Contacted for comment, State Security Minister Didymus Mutasa vehemently denied that Mengistu was the author of the controversial urban clean-up exercise, saying that the Harare government does not allow the former Ethiopian dictator to interfere with the internal affairs of Zimbabwe or of his own country.
“That is totally untrue, believe you me. I am minister of our government and I am also a member of the politburo [ruling Zanu-PF inner cabinet]. All the decisions to do with the operation emanated from the politburo and were sent through me to the government,” said Mutasa, regarded as one of Mugabe’s closest and most powerful confidantes.
He added: “Mengistu had absolutely nothing to do with the operation and I think it is unfair to make that kind of allegation against him. Mengistu is a guest in our country. He is here in exile and is simply resting. He does not interfere at all with the affairs of our country. We also do not allow him to interfere with his country [Ethiopia] from Zimbabwe.”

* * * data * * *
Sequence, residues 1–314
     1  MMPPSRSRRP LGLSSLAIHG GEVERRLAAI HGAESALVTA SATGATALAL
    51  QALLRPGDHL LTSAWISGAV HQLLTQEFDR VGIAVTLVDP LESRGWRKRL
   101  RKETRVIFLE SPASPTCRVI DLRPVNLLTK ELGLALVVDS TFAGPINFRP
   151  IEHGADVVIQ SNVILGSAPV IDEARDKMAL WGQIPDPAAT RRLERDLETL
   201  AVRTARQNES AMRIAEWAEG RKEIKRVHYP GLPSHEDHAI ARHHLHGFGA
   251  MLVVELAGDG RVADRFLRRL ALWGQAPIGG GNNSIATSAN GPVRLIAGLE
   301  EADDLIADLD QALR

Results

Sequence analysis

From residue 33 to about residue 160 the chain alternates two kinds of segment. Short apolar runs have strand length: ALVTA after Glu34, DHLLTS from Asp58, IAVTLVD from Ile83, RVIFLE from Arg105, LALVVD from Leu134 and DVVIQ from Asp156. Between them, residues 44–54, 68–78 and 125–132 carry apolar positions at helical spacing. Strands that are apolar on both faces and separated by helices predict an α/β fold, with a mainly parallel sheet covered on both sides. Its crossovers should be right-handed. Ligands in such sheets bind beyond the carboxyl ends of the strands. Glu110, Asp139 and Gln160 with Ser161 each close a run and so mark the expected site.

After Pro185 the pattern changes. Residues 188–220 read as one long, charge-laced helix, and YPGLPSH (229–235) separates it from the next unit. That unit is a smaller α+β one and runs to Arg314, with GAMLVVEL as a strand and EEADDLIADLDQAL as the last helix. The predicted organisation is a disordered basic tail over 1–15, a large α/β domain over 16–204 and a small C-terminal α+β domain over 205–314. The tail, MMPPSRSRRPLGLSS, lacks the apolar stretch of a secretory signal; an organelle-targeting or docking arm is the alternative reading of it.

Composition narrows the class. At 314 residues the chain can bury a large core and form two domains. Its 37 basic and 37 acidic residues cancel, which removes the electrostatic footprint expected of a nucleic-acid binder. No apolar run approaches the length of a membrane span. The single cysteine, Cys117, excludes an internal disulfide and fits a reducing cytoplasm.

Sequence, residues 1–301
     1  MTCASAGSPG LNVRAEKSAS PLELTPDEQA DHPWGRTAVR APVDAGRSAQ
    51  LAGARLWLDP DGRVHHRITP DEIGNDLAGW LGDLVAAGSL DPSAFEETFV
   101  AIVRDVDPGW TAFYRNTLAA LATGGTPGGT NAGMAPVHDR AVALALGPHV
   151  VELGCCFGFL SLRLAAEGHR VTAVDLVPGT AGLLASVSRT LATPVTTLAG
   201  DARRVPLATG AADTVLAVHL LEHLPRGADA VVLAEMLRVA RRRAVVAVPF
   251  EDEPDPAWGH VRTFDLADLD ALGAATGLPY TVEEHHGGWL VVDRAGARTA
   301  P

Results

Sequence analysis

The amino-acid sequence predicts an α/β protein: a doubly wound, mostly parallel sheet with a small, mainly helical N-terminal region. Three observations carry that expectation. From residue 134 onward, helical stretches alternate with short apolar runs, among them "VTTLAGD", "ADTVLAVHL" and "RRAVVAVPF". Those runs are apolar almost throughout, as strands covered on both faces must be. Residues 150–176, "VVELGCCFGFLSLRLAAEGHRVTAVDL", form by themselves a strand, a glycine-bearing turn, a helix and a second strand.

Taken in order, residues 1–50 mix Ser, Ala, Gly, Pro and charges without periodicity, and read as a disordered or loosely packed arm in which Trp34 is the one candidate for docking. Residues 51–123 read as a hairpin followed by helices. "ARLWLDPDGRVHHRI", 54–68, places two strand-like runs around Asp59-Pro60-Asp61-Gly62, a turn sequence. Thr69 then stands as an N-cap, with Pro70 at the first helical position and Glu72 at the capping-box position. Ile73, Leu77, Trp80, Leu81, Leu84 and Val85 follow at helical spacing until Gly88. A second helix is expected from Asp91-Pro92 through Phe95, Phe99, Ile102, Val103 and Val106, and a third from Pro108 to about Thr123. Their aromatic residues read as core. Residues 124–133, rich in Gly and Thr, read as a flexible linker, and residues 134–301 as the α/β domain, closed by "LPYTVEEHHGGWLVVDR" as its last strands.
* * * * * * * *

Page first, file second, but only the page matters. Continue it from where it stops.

But the ZimOnline‘s sources said Mengistu, who survived an assassination attempt in Harare in 1995, first suggested the slum clearance idea to Mugabe in February, at one of the regular meetings he holds with the president and other senior security chiefs from the army, the CIO and the police.
After Mugabe accepted the idea, it was followed by several weeks of meticulous planning. Operation Murambatsvina began in May, a few weeks after the ruling Zanu-PF party trounced the main opposition Movement for Democratic Change (MDC) in a controversial parliamentary election.